Advances in the Management of ADHD in Adult Population - Episode 2
ADHD experts discuss presentation and underdiagnosis of ADHD in adults.
Theresa R. Cerulli, MD: That leaves me wondering, Alice, how often is adult ADHD [attention-deficit/hyperactivity disorder] not diagnosed? What can be done to improve the diagnosis of ADHD in adults?
Alice Mao, MD: The diagnosis of ADHD in adults has expanded. People are aware that oftentimes, as children advance into adolescence, the hyperactivity may diminish but the problems with concentration, distractibility, and executive functioning, persist into adulthood. In my practice, when they come in for treatment, perhaps they were treated as children and thought they had outgrown the symptoms. As they move into college or work life, they’re noticing that they’re falling behind their peers because they’re not able to pay attention, they’re forgetful, they often have difficulty prioritizing which tasks to work on. For those reasons, when they come in, they may not show as severe impairment as children in terms of being disruptive, getting out of their chairs, but they often have good examples of how their behaviors have created havoc in their lives. For example, I had a man come in with his wife, and he told me how he had packed up his car because they were going on vacation. He carefully put in all the suitcases, then he drove off in his car and his wife was left standing on the sidewalk. About 10 minutes later, he came back and said, “I forgot some baggage.”
Needless to say, that vacation didn’t start well for them, but it was 1 of the incidents that precipitated his wife bringing him in for treatment. Other times, adults come in who are noticing that they’re unable to meet deadlines and procrastinating on tasks that are important. When they come in, we ask them to fill out checklists, such as the adult ADHD screening instrument, so we can identify the symptoms that are posing problems. If necessary, we may do other tests, such as the test of variable attention, to give some objective confirmation of their findings. Other types of tests can be done, but we have to look at cross-situational impairment. It’s not about not being able to focus at school or work. Folks are able to say that it prepares their social interaction because they’re not listening at important social gatherings, or they’re forgetful in doing important tasks at home, like picking up their kids from school or remembering engagements that they committed to. ADHD is very impairing in adults, and it’s even more important to treat them and help them progress and feel more successful in their lives.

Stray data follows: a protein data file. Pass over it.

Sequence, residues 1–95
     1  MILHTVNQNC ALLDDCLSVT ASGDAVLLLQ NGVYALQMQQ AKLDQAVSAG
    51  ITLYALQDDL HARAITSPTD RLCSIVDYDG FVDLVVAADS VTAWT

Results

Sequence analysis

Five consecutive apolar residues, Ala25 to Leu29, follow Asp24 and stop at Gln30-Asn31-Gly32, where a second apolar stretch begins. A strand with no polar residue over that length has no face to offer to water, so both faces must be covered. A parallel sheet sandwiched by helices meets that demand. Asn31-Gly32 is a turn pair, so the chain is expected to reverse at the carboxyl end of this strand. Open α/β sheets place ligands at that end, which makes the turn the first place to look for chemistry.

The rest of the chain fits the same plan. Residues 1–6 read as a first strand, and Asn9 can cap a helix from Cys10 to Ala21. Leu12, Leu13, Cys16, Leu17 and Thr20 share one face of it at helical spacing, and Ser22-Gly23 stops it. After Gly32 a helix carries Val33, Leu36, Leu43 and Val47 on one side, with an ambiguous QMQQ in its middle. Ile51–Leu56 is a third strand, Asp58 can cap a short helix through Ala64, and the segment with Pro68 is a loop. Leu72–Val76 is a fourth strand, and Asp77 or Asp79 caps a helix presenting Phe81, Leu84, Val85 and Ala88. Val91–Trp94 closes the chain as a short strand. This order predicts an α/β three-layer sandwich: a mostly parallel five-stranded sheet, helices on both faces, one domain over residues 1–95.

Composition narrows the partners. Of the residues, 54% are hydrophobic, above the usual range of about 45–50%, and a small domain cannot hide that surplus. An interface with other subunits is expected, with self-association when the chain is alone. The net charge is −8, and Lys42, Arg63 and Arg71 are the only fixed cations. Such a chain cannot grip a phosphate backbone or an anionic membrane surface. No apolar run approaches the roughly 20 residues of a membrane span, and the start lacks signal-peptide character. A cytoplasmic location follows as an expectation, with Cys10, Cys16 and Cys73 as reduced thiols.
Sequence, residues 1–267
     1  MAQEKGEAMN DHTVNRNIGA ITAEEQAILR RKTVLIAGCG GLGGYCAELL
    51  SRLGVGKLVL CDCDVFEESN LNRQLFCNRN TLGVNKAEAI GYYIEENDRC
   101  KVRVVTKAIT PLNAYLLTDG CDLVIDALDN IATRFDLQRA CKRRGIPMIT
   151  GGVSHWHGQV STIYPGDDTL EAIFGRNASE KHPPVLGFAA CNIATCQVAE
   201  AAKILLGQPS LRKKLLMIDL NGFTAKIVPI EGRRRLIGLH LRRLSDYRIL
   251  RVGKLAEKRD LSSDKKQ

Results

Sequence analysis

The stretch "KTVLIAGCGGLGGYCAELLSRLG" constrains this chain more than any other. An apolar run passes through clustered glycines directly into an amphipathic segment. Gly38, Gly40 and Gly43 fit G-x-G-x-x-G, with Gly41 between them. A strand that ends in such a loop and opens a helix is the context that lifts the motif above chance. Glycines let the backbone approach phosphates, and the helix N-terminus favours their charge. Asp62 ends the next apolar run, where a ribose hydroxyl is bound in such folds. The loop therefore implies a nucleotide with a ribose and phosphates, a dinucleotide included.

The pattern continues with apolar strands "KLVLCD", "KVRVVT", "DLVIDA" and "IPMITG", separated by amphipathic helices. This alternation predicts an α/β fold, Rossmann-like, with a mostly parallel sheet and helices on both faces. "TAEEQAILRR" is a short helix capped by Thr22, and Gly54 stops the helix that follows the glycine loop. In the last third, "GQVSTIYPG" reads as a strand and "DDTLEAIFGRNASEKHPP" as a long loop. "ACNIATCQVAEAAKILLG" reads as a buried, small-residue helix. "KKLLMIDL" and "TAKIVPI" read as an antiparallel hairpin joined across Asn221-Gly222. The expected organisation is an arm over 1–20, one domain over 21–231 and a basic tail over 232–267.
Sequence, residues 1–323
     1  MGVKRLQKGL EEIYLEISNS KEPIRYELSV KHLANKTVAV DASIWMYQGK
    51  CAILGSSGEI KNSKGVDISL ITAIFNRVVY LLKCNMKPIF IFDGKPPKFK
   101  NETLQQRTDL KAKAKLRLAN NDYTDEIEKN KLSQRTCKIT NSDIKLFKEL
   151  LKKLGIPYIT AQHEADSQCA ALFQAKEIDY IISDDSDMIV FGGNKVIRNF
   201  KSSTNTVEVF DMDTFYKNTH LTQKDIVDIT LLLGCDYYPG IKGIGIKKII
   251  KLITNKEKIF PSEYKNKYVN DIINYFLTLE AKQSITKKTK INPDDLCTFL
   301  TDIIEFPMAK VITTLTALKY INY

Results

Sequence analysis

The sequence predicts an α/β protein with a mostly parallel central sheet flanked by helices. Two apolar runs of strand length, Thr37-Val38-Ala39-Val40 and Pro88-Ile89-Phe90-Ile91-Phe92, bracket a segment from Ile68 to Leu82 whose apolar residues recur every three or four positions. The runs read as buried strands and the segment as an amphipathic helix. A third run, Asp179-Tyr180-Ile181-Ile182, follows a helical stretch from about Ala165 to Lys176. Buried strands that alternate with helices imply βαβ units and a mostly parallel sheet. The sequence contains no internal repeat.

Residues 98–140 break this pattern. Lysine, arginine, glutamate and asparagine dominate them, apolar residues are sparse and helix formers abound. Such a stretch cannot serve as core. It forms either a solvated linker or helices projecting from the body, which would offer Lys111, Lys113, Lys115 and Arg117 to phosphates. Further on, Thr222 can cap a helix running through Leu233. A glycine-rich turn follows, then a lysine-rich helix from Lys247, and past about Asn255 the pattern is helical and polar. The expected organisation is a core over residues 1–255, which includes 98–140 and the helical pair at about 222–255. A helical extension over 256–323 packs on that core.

Theresa R. Cerulli, MD: What do others think? What can you add to that, Dr Feld?
Michael Feld, MD: In my practice, ADHD in adults is missed most of the time. Mostly, as child-adolescent psychiatrists, we treat families. Obviously, it’s easy to diagnose parents, but the other adults primarily come in because of their comorbidities being diagnosed first. But the more important reason is why now? What has happened that made them seek the diagnosis of ADHD? Sometimes it’s as simple as having genetic relatives. Sometimes it’s as easy as having tried someone’s medication. But usually, it’s more related to something happening in their life at a key point. There’s functional impairment, and they realize that for every other compensation in place, it wasn’t because of anxiety, depression, substance use, or other behavioral and health-related issues.